Senator Toni Boucher (R-Wilton) was pleased to participate in the ground breaking of bioscience Connecticut at UCONN Health Center in Farmington.
"The state has taken a big step," said Sen. Boucher. "I am a strong advocate of the research and development that will take place inside this facility because it will lead to technology transfer jobs. Eventually I would like to see it build a solid foundation for the future economy of Connecticut."
"It’s a new day for the UCONN Health Center, our region and beyond," Dr. Frank M. Torti, the Health Center’s executive vice president for health affairs and dean of the UConn School of Medicine, said before the official groundbreaking for Bioscience Connecticut.
The state is investing $864 million to expand the medical and research capabilities - Bioscience Connecticut. The project will include a new patient tower at John Dempsey Hospital at the UConn Health Center, several new labs and more parking.
"This move proves our state can become a partner with business and higher education to attract this technology industry," said Sen. Boucher.
Research that may not be commercially feasible at first is often done in our institutions of higher learning and in our medical institutions. The state provides significant research and development tax credits (R&D) for biotech companies. As a member of the General Assembly’s Higher Education Committee, Senator Boucher recognizes the benefit to the state down the road from this emerging field.
Technology transfer is the taking of research in a university that leads to medicine or a medical or computer device (invention) innovation that is commercially viable. It is spun off as a small start up company with private investment partners so a product can be sold to the consumer, giving royalties to university and profit to the start up and investors.
Sen. Boucher’s strong advocacy for this rapidly growing industry stems from previous work experience stemming back two decades in the then new and emerging biotechnology industry in San Diego, California.
"Over the years, I followed San Diego’s transformation from a defense dependent economy to becoming a leader in the biotechnology industry, with growth rates of 20-30% per year. In returning to my home state of Connecticut, I have found that many of these same conditions for growth of this industry exist, but are yet to be tapped," said Sen. Boucher.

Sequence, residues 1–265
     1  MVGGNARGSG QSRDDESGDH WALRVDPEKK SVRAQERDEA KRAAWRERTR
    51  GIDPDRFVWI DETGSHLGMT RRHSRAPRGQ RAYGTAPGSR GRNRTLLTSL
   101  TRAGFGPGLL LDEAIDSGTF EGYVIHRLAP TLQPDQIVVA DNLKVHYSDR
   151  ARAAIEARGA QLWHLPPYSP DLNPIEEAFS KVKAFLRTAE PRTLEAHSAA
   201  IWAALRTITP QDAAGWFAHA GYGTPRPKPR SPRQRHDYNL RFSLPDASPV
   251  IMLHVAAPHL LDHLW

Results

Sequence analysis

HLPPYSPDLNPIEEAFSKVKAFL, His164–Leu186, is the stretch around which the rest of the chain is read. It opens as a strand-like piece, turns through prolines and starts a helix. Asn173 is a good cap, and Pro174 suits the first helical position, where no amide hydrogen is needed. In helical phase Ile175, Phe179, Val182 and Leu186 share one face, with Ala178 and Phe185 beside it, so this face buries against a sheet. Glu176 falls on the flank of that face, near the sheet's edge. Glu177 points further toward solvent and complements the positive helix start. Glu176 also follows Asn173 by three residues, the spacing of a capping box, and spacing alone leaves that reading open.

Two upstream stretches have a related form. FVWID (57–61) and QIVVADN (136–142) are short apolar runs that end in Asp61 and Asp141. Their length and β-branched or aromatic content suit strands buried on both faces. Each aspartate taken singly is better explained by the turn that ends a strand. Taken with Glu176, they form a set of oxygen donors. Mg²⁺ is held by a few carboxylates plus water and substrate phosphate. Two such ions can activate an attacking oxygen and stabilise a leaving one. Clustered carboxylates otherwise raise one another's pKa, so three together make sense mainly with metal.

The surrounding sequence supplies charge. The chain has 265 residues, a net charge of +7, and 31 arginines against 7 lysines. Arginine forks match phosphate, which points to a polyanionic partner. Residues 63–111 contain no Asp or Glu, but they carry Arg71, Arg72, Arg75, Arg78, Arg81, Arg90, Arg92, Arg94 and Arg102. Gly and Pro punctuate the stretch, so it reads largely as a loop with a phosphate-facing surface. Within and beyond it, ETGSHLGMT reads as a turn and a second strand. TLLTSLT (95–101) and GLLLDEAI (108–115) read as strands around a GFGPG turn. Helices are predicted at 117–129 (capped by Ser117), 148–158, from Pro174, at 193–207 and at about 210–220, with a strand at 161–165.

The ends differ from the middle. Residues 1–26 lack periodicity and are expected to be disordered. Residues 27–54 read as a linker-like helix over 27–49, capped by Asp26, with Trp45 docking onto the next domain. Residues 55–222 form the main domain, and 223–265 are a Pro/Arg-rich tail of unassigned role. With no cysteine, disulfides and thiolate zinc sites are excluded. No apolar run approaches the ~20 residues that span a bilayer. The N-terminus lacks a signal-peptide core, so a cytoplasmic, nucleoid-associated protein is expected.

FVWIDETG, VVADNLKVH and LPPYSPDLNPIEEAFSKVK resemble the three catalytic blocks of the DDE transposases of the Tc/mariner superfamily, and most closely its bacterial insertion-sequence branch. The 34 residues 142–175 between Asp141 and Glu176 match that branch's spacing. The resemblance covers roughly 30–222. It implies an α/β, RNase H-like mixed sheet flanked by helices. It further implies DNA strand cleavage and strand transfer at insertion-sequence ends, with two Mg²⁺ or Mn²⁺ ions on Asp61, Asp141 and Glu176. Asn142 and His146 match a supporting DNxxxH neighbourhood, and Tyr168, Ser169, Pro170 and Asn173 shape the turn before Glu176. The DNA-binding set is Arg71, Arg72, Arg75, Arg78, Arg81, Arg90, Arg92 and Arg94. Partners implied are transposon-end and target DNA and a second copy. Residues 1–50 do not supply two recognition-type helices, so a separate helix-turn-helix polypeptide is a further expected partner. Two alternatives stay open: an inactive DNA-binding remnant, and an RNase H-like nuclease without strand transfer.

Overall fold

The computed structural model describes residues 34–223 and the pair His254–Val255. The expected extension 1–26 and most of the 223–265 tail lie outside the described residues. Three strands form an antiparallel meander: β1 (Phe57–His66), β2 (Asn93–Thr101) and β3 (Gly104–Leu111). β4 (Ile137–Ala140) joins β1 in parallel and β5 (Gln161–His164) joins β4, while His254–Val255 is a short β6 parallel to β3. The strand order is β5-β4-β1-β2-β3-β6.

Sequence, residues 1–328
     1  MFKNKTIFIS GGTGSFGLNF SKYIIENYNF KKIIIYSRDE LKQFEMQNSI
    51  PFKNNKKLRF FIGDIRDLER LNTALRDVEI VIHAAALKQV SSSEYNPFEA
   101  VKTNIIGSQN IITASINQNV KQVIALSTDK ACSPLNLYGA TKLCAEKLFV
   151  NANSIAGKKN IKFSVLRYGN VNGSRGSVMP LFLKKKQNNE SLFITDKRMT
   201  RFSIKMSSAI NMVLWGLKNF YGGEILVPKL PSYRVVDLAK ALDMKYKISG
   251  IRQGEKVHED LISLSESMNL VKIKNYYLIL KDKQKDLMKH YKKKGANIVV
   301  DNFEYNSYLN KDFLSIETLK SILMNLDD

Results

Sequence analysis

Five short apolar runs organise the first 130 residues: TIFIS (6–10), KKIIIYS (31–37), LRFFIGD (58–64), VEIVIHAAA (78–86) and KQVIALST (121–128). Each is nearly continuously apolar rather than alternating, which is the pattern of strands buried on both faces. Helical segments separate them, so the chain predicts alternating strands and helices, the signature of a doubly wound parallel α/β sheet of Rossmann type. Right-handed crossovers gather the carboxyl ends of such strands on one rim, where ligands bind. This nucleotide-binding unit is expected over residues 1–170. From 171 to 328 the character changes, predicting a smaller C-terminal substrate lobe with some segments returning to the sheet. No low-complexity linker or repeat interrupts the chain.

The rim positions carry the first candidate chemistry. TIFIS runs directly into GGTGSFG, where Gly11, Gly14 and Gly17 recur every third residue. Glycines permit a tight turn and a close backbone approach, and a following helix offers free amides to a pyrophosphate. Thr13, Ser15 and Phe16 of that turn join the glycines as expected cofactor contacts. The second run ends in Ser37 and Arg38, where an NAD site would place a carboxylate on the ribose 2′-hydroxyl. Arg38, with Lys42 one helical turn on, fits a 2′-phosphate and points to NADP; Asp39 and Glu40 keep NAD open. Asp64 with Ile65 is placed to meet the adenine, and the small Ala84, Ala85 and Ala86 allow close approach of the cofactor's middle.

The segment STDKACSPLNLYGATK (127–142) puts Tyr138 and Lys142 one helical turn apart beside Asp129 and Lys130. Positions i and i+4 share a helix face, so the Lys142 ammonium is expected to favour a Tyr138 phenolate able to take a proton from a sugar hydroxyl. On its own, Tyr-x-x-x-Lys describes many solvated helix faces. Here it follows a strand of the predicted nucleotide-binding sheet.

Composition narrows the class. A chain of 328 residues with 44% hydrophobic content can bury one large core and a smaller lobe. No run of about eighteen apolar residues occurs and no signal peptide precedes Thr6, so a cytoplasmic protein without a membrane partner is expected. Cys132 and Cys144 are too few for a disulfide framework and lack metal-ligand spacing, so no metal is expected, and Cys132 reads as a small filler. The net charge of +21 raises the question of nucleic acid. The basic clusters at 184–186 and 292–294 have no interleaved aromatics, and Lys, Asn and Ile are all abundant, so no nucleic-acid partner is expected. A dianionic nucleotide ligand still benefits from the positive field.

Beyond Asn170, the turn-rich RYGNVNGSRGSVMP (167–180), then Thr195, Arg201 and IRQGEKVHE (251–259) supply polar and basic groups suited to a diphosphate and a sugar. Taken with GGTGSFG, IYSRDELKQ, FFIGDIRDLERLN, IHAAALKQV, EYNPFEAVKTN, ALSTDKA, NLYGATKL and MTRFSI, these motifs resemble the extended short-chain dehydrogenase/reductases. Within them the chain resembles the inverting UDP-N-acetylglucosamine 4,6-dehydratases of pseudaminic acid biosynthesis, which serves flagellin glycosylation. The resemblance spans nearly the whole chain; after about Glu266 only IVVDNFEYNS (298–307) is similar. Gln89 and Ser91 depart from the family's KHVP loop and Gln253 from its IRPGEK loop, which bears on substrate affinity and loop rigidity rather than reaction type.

San Diego started with one company, Hybritech in 1978 and is now home to 110 firms, the 4th largest concentration of biotechnology firms, and 10% of all firms in the country.
Senator Boucher believes if a city can accomplish this feat, imagine what the state could achieve it if is similarly focused.
Sen. Boucher said, "It is irrefutable that bioscience is the future of the UCONN Health Center and positive for Connecticut’s economy. I was pleased to sponsor favorable R & D tax policy in the early years of my legislative career and have consistently supported UCONN’s efforts in this arena."
(In photo attached: Sen. Toni Boucher along with Governor Dannel P. Malloy, UCONN President Susan Herbst, and Executive Vice President for Health Affairs Dr. Frank Torti for a groundbreaking ceremony for Bioscience Connecticut.)
Gov. Dannel P. Malloy said, "Bioscience Connecticut has the strong potential to create thousands of well paying jobs in an industry that’s poised to grow. By some estimates, the personalized medicine industry generates nearly $300 billion dollars every year. Thanks to the work we’re doing at the UCONN Health Center, Connecticut is well positioned to claim its share of this thriving business sector."